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February 1959

On the Detection of Extremely Small Changes in Sound Intensity

Author Affiliations

Evanston, Ill.

AMA Arch Otolaryngol. 1959;69(2):200-211. doi:10.1001/archotol.1959.00730030206015

A number of investigators1-19 have recently reported that certain kinds of hearing loss are apparently accompanied by unusually keen differential sensitivity to intensity. Their studies indicated that, in hearing loss due to cochlear lesion, the patient was able to discriminate smaller intensity changes than a listener with normal hearing. Furthermore, many of these investigators made the assumption that the apparent reduction of the intensity difference limen was due to the presence of loudness recruitment in the affected ear. On the basis of this assumed causal relationship, it was proposed that the measurement of the intensity difference limen afforded an indirect test for the presence of loudness recruitment. A normal-sized difference limen was thought to imply the absence of recruitment, while an abnormally small difference limen was interpreted to indicate the presence of recruitment.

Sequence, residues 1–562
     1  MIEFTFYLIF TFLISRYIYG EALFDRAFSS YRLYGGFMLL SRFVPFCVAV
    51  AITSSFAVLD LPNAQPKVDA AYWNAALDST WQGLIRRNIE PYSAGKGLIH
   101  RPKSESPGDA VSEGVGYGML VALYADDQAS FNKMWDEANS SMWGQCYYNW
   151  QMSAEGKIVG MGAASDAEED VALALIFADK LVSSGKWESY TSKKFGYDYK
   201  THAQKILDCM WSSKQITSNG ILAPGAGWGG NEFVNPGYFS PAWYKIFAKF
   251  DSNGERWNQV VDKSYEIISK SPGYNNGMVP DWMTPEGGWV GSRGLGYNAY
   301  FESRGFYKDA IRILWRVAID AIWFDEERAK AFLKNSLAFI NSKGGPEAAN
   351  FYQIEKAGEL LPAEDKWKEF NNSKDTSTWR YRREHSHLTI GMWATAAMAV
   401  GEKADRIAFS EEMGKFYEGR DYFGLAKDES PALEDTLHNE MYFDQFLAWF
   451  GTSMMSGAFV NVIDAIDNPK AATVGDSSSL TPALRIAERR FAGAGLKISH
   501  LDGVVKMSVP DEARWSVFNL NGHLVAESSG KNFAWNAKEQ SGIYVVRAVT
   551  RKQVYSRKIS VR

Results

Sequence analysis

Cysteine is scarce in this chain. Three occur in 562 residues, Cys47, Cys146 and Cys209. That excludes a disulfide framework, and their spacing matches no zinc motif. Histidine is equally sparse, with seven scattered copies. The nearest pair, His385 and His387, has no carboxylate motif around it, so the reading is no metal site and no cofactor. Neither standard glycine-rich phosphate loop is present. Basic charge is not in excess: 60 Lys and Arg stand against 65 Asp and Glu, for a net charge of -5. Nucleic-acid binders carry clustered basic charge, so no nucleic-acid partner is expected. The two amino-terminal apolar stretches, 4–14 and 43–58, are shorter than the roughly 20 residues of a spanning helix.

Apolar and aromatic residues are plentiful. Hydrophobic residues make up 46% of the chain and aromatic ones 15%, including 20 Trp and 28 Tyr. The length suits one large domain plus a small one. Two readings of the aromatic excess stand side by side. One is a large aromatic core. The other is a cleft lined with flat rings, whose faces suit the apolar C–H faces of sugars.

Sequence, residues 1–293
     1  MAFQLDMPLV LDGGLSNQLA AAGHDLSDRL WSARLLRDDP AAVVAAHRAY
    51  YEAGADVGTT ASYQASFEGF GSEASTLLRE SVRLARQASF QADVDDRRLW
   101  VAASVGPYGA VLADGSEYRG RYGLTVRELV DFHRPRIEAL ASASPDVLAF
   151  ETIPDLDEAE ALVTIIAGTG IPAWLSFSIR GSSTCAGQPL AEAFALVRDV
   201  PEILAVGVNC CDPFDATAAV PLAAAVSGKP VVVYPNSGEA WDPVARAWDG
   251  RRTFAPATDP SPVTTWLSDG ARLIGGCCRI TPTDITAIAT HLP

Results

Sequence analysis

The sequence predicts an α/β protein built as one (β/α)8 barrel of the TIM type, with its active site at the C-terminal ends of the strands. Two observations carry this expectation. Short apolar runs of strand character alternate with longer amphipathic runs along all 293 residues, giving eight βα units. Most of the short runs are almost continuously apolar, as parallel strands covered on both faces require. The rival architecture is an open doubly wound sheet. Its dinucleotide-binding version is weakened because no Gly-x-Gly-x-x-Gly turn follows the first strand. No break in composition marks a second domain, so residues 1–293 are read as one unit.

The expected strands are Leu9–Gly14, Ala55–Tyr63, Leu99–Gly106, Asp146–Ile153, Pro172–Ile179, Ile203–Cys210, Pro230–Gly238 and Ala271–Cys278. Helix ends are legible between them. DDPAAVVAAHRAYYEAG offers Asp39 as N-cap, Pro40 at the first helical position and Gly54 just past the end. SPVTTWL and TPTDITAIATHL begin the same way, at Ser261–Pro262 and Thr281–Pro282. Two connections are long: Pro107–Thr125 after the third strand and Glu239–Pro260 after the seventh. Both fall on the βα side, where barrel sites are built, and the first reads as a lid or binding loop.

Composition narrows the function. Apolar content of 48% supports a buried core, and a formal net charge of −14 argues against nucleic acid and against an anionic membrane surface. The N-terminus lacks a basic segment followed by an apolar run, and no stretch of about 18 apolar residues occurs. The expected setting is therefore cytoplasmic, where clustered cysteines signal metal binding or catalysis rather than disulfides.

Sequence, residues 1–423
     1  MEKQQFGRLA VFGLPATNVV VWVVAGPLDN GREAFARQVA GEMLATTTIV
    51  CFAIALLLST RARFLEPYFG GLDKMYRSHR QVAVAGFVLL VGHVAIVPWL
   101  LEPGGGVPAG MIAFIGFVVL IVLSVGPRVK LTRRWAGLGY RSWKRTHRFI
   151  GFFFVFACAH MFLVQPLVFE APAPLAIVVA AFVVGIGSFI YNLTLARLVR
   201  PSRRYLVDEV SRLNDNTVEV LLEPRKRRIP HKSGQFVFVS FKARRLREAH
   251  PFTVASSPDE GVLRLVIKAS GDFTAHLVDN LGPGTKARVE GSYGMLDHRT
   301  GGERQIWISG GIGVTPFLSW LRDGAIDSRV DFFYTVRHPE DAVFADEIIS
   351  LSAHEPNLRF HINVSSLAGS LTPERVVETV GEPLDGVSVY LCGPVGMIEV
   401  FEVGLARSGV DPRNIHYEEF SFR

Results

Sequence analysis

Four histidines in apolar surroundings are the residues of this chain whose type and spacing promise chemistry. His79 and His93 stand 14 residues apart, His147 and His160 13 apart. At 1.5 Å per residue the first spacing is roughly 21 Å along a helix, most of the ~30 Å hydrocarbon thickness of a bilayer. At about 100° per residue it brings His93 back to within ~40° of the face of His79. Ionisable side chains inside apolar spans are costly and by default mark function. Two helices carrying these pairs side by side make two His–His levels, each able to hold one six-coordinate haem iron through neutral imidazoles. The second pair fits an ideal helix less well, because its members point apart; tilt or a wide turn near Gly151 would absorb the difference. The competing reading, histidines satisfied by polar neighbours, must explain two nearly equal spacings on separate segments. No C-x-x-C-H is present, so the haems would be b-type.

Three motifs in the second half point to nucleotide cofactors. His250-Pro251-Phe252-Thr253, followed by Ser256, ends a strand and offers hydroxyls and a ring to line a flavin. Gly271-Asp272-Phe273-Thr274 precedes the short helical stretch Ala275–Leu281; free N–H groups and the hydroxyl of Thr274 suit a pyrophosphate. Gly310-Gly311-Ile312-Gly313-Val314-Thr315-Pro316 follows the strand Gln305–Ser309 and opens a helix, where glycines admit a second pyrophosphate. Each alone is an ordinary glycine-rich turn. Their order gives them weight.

Some investigators have failed to confirm these observations. Studies by Liden and Nilsson20 and Lund-Iversen

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